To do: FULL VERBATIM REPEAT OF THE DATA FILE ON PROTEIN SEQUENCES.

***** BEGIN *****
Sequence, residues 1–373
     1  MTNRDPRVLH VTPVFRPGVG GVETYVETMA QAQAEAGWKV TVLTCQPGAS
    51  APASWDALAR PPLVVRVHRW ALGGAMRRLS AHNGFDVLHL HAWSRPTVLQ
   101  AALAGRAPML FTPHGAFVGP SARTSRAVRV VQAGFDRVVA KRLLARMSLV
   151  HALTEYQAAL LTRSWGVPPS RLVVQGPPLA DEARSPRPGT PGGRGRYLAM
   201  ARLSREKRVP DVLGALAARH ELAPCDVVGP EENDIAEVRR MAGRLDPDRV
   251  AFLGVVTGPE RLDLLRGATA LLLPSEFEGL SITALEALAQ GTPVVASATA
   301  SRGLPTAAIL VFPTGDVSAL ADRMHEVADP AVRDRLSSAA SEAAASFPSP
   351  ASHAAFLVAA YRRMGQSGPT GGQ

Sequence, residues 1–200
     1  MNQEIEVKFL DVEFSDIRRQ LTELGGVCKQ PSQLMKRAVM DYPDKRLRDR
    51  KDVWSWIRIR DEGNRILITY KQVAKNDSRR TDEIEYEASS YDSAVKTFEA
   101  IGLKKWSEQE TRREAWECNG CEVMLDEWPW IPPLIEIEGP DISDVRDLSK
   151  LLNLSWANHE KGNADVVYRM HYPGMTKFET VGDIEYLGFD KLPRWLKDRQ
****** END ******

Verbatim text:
Sequence, residues 1–373
     1  MTNRDPRVLH VTPVFRPGVG GVETYVETMA QAQAEAGWKV TVLTCQPGAS
    51  APASWDALAR PPLVVRVHRW ALGGAMRRLS AHNGFDVLHL HAWSRPTVLQ
   101  AALAGRAPML FTPHGAFVGP SARTSRAVRV VQAGFDRVVA KRLLARMSLV
   151  HALTEYQAAL LTRSWGVPPS RLVVQGPPLA DEARSPRPGT PGGRGRYLAM
   201  ARLSREKRVP DVLGALAARH ELAPCDVVGP EENDIAEVRR MAGRLDPDRV
   251  AFLGVVTGPE RLDLLRGATA LLLPSEFEGL SITALEALAQ GTPVVASATA
   301  SRGLPTAAIL VFPTGDVSAL ADRMHEVADP AVRDRLSSAA SEAAASFPSP
   351  ASHAAFLVAA YRRMGQSGPT GGQ

Sequence, residues 1–200
     1  MNQEIEVKFL DVEFSDIRRQ LTELGGVCKQ PSQLMKRAVM DYPDKRLRDR
    51  KDVWSWIRIR DEGNRILITY KQVAKNDSRR TDEIEYEASS YDSAVKTFEA
   101  IGLKKWSEQE TRREAWECNG CEVMLDEWPW IPPLIEIEGP DISDVRDLSK
   151  LLNLSWANHE KGNADVVYRM HYPGMTKFET VGDIEYLGFD KLPRWLKDRQ